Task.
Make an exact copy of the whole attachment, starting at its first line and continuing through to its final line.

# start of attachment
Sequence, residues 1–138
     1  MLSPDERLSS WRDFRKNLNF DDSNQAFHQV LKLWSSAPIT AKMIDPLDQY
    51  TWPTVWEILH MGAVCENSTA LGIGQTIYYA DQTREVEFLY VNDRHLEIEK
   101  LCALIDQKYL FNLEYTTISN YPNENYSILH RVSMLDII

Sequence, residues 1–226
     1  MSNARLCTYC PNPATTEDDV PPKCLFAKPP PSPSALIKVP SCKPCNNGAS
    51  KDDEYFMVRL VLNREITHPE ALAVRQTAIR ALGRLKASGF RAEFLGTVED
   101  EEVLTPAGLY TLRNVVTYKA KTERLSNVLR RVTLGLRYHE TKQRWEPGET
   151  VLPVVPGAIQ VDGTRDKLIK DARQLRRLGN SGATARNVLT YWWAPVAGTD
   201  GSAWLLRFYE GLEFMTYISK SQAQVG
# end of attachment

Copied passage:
Sequence, residues 1–138
     1  MLSPDERLSS WRDFRKNLNF DDSNQAFHQV LKLWSSAPIT AKMIDPLDQY
    51  TWPTVWEILH MGAVCENSTA LGIGQTIYYA DQTREVEFLY VNDRHLEIEK
   101  LCALIDQKYL FNLEYTTISN YPNENYSILH RVSMLDII

Sequence, residues 1–226
     1  MSNARLCTYC PNPATTEDDV PPKCLFAKPP PSPSALIKVP SCKPCNNGAS
    51  KDDEYFMVRL VLNREITHPE ALAVRQTAIR ALGRLKASGF RAEFLGTVED
   101  EEVLTPAGLY TLRNVVTYKA KTERLSNVLR RVTLGLRYHE TKQRWEPGET
   151  VLPVVPGAIQ VDGTRDKLIK DARQLRRLGN SGATARNVLT YWWAPVAGTD
   201  GSAWLLRFYE GLEFMTYISK SQAQVG